Home ARTHUR C. GOSS, JUNIOR, vs. THE NEEDHAM CO-OPERATIVE BANK.

312 Mass. 309

October 7, 1942 - October 28, 1942

Suffolk County

Present: FIELD, C.J., LUMMUS, QUA, DOLAN, & COX, JJ.

Publication by a co”perative bank in a newspaper in a community where the owner of a dwelling house lived of an advertisement signed by it containing a picture of the dwelling house and the statement, "An important question `To rent or to own'-- change a house into a home by owning it -- we will help you decide how," with evidence that the house had not been mortgaged to the bank and that readers drew the inference that the bank was offering the house for sale after having acquired it upon a foreclosure, might be found to be a libel of the owner by the bank.

TORT. Writ in the Superior Court dated February 21, 1940.

The action was tried before O'Connell, J.

E. O. Proctor, for the defendant.

R. Clayton, for the plaintiff.


LUMMUS, J. This is an action for libel, based upon an advertisement inserted by the defendant in a newspaper called The Needham Chronicle, published in Needham, where the plaintiff lived. The advertisement consisted of a picture of the plaintiff's house, and beneath it these words: "An important question `To rent or to own' -- change a house into a home by owning it -- we will help you decide how -- The Needham Co”perative Bank Amos H. Shepherdson, Treasurer." At the conclusion of the evidence, the judge denied the defendant's motion for a directed verdict, and the defendant excepted to such denial. The jury returned a verdict for the plaintiff. The case comes here on the defendant's exceptions to the denial of its motion, and to the denial of four requests presented by the defendant which raised no point not covered by the motion.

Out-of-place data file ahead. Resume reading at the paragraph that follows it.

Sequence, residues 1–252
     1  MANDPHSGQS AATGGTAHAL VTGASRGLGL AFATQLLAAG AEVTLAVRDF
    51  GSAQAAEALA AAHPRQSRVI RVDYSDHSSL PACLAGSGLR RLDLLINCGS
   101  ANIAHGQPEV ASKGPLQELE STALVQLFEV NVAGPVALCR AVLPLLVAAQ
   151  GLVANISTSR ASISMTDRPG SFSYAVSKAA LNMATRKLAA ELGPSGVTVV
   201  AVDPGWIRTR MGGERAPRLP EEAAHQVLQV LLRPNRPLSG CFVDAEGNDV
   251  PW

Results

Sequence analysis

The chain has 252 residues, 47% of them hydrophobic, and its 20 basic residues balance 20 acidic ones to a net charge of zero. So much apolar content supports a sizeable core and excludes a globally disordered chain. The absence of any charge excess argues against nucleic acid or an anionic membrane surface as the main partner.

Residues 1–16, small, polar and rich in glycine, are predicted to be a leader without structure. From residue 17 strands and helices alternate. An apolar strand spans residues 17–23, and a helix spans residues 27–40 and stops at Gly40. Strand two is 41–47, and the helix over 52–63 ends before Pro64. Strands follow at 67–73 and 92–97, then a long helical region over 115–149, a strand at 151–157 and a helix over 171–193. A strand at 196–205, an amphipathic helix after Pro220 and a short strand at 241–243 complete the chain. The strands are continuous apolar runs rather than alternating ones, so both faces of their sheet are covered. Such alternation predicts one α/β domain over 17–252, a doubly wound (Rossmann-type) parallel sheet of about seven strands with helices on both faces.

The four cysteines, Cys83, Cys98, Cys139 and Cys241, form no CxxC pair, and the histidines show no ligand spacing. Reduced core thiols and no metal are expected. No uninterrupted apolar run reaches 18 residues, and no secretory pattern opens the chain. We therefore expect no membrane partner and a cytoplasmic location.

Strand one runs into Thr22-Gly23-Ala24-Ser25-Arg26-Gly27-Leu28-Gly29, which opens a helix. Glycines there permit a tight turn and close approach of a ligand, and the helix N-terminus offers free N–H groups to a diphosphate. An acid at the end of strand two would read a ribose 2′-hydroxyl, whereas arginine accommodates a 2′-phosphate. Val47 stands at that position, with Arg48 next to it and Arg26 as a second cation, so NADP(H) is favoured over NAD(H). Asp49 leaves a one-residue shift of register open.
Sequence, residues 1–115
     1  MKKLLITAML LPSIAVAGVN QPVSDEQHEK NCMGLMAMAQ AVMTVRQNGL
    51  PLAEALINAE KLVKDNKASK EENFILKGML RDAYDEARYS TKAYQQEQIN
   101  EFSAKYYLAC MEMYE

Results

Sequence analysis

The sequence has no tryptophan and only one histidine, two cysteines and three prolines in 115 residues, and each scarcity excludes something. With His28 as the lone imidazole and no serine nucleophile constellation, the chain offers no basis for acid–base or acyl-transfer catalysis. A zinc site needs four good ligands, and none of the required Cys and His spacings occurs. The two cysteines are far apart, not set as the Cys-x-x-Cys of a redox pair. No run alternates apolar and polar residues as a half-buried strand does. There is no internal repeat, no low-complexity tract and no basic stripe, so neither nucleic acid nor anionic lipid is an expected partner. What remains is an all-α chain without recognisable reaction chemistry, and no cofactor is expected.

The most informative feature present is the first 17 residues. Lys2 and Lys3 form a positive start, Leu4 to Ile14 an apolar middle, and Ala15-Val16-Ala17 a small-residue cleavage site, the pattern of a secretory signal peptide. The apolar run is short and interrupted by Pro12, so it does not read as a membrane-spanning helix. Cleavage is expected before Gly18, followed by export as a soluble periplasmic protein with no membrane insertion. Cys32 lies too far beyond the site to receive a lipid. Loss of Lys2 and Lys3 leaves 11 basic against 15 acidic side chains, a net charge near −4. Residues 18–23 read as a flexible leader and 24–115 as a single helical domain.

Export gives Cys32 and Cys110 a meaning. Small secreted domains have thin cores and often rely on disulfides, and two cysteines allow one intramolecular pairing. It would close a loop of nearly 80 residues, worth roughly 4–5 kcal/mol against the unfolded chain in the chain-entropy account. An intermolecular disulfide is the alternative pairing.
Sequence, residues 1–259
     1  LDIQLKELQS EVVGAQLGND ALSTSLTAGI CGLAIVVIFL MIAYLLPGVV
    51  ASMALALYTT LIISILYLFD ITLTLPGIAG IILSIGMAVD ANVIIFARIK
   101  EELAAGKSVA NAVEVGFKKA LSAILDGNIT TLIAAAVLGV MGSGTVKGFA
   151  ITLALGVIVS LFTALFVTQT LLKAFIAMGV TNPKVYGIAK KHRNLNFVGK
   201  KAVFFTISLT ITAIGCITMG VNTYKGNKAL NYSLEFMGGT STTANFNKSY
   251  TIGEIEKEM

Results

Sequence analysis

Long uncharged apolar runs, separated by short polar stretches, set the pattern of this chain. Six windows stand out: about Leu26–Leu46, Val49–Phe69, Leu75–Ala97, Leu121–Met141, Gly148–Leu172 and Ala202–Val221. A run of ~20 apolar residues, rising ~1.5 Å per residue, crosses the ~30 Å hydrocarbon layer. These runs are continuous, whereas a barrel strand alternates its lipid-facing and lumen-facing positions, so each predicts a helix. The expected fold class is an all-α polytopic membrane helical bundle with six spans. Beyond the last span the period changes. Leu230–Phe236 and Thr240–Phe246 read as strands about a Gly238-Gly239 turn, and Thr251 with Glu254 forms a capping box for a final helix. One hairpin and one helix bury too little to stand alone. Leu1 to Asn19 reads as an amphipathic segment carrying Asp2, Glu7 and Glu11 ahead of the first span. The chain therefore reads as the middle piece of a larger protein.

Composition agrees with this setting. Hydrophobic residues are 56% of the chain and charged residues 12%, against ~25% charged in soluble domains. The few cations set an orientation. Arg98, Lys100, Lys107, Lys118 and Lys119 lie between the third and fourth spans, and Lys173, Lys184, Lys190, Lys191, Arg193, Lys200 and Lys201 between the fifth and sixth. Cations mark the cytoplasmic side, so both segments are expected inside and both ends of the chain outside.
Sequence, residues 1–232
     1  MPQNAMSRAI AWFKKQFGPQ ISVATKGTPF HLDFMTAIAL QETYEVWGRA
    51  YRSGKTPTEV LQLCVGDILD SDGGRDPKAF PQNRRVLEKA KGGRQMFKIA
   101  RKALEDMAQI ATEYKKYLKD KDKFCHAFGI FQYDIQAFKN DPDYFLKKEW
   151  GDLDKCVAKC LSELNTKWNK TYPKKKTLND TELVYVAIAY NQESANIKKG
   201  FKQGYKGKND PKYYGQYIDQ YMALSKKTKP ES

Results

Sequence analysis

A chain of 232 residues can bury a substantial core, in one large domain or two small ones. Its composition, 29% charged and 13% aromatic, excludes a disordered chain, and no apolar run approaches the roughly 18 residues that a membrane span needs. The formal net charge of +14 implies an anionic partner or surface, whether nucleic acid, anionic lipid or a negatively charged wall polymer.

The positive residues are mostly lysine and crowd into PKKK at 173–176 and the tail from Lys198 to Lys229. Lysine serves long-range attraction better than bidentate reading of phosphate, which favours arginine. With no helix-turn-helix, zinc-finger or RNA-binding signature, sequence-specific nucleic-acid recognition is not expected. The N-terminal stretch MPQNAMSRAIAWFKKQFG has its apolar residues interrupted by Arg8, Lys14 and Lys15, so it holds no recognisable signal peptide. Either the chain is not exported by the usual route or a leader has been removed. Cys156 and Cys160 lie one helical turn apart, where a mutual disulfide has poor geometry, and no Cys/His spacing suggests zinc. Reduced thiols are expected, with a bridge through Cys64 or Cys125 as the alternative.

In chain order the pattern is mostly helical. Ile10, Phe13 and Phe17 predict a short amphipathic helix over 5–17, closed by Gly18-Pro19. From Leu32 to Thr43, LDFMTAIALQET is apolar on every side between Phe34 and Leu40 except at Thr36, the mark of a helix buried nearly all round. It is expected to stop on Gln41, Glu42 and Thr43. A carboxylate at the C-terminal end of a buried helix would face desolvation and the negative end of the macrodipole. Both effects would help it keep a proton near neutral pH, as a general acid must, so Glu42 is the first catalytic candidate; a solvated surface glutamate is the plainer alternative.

In Ingalls v. Hastings & Sons Publishing Co. 304 Mass. 31 ,

Page 310

33, it is pointed out that "a writing is a libel if, in view of all relevant circumstances, it discredits the plaintiff in the minds, not of the court . . . nor of wise, thoughtful and tolerant men, nor of ordinarily reasonable men, but of any `considerable and respectable class in the community.'" Fahy v. Melrose Free Press Inc. 298 Mass. 267 . Streeter v. Eldridge, 311 Mass. 180 , 182. It is not essential to a libel that any wrongdoing or bad character be imputed to the plaintiff. Themo v. New England Newspaper Publishing Co. 306 Mass. 54 , 56, 57.

In the present case readers of the newspaper might well draw the inferences, as upon the evidence many of them could be found to have done, that the defendant was offering the house for sale and that it had acquired it upon a foreclosure due to the plaintiff's financial inability to perform his obligations. The plaintiff testified that the defendant had no mortgage upon the house. Although inability to meet one's obligations does not necessarily show want of good character, it may lower one in the estimation of the community. Cox v. Lee, L. R. 4 Ex. 284, 288. Katapodis v. Brooklyn Spectator, Inc. 287 N. Y. 17; 137 Am. L. R. 910, 913. There was no error in permitting the case to go to the jury.

Exceptions overruled.